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Eastbourne Pier

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Formed in April 1865, the Eastbourne Pier Company began work on the structure on the 18th April 1866 having raised £15,000 to pay for the project. That sum would be worth around £1,200,000 in today’s money. Lord Edward Cavendish opened the first phase of the pier on the 13th of June 1870 and the final phases of construction were completed over the following two years.

Eastbourne Pier is around 320 yards (290 metres) in length and is 40 yards (38 metres) across at its widest point. The platform is raised to around 11 yards (10 metres) above the level of the beach.


By building the pier at the junction of Grand and Marine Parades it effectively divided the seafront and once marked the point between the expensive hotels of the British elite and the less expensive boarding houses of the east promenade. This was almost certainly a deliberate decision but it is easy to imagine the wealthier patrons of Eastbourne being somewhat reluctant to have hordes of budget holiday makers traipsing past their hotels on the way to the pier. In fact, the pier was originally proposed to extend from Devonshire Place – the most prestigious street in the town – before it was changed to where it is today. Originally, the pier was intended a little more than a promenade.


On New Year’s Day in 1877 a storm swept in from the sea and battered the newly completed pier. By the time the winds dropped around half of the structure had been washed away. Funds were raised and the pier was rebuilt using a technique that has the stilts resting in cups on the seabed thus allowing the whole pier to move and sway with waves during rough weather.


Over the years the pier has been redesigned and reimagined with attractions coming and going as fashions in entertainment have changed. For example: The original camera obscura was once a huge attraction and a marvel of Victorian technology and ingenuity. However, as other technology advanced it became less appealing and eventually fell into disrepair. It was restored in 2003 and once again attracted large crowds but this time for its historic importance and window into the past.


During World War II Eastbourne Pier was commandeered by the military and fitted with machine guns and antiaircraft cannons. They would be needed as Eastbourne was repeatedly attacked by the Luftwaffe in preparation for the Nazi Invasion of Britain. The invasion never materialised and the pier was later used to hide vessels that would be used for a massive counter invasion – the famous D-day landings.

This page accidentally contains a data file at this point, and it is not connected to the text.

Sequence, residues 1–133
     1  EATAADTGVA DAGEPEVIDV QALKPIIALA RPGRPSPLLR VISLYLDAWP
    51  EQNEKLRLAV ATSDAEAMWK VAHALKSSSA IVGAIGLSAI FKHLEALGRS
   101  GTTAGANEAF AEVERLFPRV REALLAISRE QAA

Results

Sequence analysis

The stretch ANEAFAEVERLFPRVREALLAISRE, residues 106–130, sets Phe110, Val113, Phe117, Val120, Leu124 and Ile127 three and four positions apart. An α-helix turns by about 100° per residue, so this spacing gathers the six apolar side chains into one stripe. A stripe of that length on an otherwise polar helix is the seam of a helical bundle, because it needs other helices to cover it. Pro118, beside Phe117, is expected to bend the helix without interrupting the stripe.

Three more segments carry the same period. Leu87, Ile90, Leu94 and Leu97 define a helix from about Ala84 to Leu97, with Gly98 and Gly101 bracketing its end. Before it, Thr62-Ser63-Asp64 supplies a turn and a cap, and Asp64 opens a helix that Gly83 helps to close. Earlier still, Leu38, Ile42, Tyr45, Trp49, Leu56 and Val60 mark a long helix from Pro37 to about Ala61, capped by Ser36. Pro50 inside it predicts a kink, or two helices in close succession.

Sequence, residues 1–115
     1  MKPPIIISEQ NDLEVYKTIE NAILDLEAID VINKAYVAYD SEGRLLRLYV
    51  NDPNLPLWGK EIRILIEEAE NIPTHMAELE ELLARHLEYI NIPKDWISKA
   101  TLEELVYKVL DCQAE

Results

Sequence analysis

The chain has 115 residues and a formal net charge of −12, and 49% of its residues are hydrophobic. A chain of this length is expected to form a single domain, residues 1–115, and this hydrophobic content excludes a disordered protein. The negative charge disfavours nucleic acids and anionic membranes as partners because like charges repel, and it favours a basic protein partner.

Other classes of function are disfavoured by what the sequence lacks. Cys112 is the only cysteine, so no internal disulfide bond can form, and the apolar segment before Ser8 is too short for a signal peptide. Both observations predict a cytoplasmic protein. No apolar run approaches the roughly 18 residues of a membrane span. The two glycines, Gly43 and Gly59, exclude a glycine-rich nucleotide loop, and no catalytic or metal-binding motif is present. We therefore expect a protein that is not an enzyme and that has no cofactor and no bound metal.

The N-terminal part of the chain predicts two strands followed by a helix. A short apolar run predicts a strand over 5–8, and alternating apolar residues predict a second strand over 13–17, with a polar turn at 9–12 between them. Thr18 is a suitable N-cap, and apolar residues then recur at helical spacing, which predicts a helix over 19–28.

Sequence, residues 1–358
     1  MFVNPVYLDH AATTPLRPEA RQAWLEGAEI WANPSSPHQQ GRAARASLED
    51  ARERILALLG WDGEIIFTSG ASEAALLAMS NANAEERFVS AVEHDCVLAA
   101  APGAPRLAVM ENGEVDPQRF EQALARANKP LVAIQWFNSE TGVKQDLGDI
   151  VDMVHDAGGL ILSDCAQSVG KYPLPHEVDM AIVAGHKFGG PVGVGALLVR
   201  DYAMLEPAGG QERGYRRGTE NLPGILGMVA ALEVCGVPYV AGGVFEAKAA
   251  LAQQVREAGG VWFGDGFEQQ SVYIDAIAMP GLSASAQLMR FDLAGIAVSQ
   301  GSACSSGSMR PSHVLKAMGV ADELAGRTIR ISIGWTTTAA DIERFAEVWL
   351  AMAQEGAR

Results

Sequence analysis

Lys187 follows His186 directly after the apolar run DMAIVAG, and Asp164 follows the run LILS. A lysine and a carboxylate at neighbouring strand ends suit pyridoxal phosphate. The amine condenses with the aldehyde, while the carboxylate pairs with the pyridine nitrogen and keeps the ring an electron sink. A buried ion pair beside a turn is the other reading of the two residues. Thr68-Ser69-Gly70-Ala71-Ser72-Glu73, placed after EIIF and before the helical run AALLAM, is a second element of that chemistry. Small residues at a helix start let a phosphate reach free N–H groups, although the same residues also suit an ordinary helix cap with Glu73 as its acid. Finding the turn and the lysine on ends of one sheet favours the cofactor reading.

Over the decades parts of the Pier have been washed away, a section of the structure blown up by a sea mine, and several fires have destroyed significant parts of the superstructure. The most recent of these was in 2014 and completely gutted the central dome. However, like phoenix from the ashes work started almost at once to restore the building and ensure that it could once again be opened to the public.


Eastbourne Pier has featured in several film and television productions including the Agatha Christie’s Poirot episode “Jewel Robbery at the Grand Metropolitan”, Last Orders (2001), Angus, Thongs and Perfect Snogging (2008) and more recently Brighton Rock (2010).


For a building that was designed ‘for fun’ it is reputed to be haunted by a wide array of ghosts, spectres and other mysterious beings. Some of the apparitions include: A smoky dark phantom that haunted the Channel Bar during 1983, a soldier believed to have drowned during WWII, A spectral Woman and boy as well a mysterious grey boat drifts under the pier and disappears. Most people put these stories down to people having too much ‘liquid fun’ in the saloons … but you never know.


normans-bay-campsiteNormans Bay

Camping and Caravanning Club Site
Coast Road, Normans Bay, Pevensey
East Sussex, England, BN24 6PR
+44 (0)1323 761 190

Contact Details

  • Address: 3 Grand Parade, Eastbourne, East Sussex BN21 3EH, UK
  • GPS: 50.767347846835094,0.2924121280639156
  • Phone: 0044 (0)1323 410 466
  • Part of UK: England
  • Sat Nav Postcode: BN21 3EL
  • Entrance Fees: Free Access
  • Disabled Access: Good
  • Visibility from Road: Excellent

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